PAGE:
Jeremy Corbyn has been the MP for Islington North since 1983, but he’s just been blocked from standing again for the Labour Party. So he has indicated he will instead contest the seat as an independent.
Can he win? Absolutely. But will he? That’s far from certain.
Independent candidates by and large don’t do well. Established party machines are too strong for upstart organisations. That’s what stopped the Brexit Party from winning Peterborough in the 2019 by-election, for example. The simple truth is that Labour knew who to target to get them to turn out to vote. The Brexit Party did not, and so instead spent polling day sending activists to loiter and make noise in the city square.
Name recognition is nice, but door-knocking is necessary. What Corbyn needs, first of all, is the footsoldiers willing to work for him. His local Labour party, be it councillors or organisers with the data and know-how, will be paramount to a Corbyn win. If they don’t jump ship, or at the very least slip him the data, he’s not coming back.
But even then it’s a steep hill to climb. At the last general election, on average, independent candidates pulled in 2.4 per cent of the vote in their seats. They’re too niche, too irrelevant to the overall vibe of a national election in a local area.
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It’s because of that that in more localised by-elections, or council elections, they do better. Marianne Overton, a local councillor in Lincolnshire, managed to save her deposit in the 2010 and 2015 general elections as a candidate for Sleaford and North Hykeham, but in the 2016 by-election she increased her share to almost 10 per cent of the vote.
In East Devon Claire Wright, a county councillor, scored impressive shares as an independent in the 2015 (24 per cent), 2017 (35 per cent) and 2019 (40 per cent) general elections. In 2019 she was only ten percentage points behind the winning Tory MP.
East Devon, though, is not Islington North. And Corbyn wouldn’t be an average independent. He is a divisive figure nationally who would attract a great many endorsements in Online England, and probably activists willing to travel to support him (and, no doubt, others trying to help opponents to beat him). But among Islington North’s voters, has he got it?
You don’t represent a constituency for forty years, be as colourful as Corbyn, without having both electoral know-how and name recognition with even the most apathetic of constituents. But that’s no guarantee of victory. Frank Field, who left Labour over Corbyn’s leadership, had been Birkenhead’s MP since 1979. Yet as an independent candidate he won just 17 per cent of the vote at the last election. The Labour vote fell by 18 points, a clear transfer to Field. More impressive than your average independent councillor, but not enough to win.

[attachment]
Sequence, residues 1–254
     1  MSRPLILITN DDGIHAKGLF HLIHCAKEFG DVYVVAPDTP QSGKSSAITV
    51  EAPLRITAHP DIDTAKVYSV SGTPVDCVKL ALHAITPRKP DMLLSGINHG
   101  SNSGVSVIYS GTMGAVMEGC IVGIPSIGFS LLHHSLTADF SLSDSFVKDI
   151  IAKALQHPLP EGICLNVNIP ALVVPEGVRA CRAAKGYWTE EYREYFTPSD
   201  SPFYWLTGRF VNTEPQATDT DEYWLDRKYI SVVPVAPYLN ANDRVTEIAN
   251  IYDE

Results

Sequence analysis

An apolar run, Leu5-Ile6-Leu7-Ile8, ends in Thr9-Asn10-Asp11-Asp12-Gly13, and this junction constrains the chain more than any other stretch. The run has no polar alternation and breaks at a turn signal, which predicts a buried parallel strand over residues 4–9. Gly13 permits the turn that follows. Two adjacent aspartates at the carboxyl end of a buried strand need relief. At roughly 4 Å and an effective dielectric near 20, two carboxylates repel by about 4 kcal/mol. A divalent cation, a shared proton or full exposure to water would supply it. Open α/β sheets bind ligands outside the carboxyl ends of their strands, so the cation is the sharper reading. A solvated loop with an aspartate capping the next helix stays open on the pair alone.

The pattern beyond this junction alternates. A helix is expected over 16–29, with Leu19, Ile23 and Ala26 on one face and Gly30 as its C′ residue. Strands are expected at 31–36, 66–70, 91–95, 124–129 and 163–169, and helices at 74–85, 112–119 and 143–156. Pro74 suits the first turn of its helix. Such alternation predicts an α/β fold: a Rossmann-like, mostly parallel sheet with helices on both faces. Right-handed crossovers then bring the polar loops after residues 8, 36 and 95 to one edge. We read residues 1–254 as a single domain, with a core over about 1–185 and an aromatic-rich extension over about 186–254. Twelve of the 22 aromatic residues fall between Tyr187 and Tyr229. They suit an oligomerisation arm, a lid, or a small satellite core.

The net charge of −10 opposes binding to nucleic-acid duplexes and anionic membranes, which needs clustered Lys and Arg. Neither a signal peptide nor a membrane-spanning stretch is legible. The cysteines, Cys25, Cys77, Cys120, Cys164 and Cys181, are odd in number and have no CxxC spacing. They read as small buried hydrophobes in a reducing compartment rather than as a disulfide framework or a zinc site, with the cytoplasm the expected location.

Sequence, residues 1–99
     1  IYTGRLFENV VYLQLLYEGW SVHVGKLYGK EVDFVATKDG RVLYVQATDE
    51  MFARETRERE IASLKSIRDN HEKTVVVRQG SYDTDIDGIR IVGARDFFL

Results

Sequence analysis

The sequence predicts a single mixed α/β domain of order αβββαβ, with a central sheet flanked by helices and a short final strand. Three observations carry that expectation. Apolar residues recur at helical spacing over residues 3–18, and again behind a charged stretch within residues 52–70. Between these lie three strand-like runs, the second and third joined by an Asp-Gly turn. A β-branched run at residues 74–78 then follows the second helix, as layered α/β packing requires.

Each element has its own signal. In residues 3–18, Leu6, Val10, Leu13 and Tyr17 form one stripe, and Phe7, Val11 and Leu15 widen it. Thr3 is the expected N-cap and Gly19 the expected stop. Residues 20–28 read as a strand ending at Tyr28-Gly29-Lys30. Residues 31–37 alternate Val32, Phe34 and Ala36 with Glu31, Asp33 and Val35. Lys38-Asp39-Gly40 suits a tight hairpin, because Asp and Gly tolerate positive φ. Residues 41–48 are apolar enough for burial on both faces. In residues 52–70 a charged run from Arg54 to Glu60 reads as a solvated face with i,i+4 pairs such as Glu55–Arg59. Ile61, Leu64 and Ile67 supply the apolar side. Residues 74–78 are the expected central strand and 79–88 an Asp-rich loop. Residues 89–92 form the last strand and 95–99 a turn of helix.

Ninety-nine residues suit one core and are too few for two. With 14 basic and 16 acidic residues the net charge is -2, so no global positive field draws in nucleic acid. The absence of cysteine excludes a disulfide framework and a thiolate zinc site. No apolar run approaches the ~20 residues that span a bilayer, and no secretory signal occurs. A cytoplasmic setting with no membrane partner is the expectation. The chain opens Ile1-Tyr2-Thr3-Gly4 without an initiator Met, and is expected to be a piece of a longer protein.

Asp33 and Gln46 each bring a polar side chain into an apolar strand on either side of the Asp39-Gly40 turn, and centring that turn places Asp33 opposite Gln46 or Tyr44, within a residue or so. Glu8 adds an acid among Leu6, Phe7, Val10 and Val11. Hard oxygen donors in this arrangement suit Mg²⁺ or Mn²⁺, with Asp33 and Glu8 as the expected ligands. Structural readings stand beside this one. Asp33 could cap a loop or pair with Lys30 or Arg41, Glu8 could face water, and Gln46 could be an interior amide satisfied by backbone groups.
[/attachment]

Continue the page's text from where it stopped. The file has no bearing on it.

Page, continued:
Look at the chart below. Here are long-standing MPs (elected more than twice) who left their parties to stand as independents.
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By and large, they don’t do well. The Lincoln by-election of 1973 was a case of the incumbent resigning to recontest the seat as a pro-Common Market “Democratic Labour” candidate. He won handsomely. It was a by-election all about him. In the 1974 general election, when the question was "Who Governs Britain?", however, it was a more fine run thing.
In Coventry South East in 1992, the Militant-turned-independent candidate pulled in a vote share equivalent to 61 per cent of his Labour vote, but the Labour vote held up better than expected.
Exclude the extreme ends of the chart, and on average an MP running as an independent would attract half as much of the vote as they did under their former party. Apply that to Islington North and Corbyn would poll at 32 per cent. Using only elections this century, it'd be something like 27 per cent.
If all of those voters came straight from Labour then Islington North would become competitive. But, as seen in Coventry with the Militant candidate, that doesn’t always happen. In Castle Point most of the vote for Bob Spink, formerly the seat's Tory MP, then briefly Ukip before standing as an independent, came at the cost of Labour and Ukip. Had it come exclusively from the Tories then he’d have won comfortably. As it was he lost.
Corbyn's prospects shouldn’t be dismissed out of hand. If he took votes only from Labour, then by the historical precedent he could win. David Gauke and Dominic Grieve, Conservative Remainers who stood as independents in 2019, suffered because they took support from several parties, leaving the Tory vote stronger. Corbyn is likely to take votes more specifically from his former party, but even then if he only did as well as Field did in Birkenhead he would come away with a measly 14 per cent of the vote.
It also remains to be seen whether Islington North is as keen on Corbyn as some have suggested. Central London is solidly pro-Labour, with some areas trending to Green candidates in council elections. We don’t have any real evidence that the attraction to Labour in Islington is more owed to Corbyn than it is to the Labour brand. Corbyn's national appeal doesn't give much cause for optimism, but this is his own seat. Don't write him off.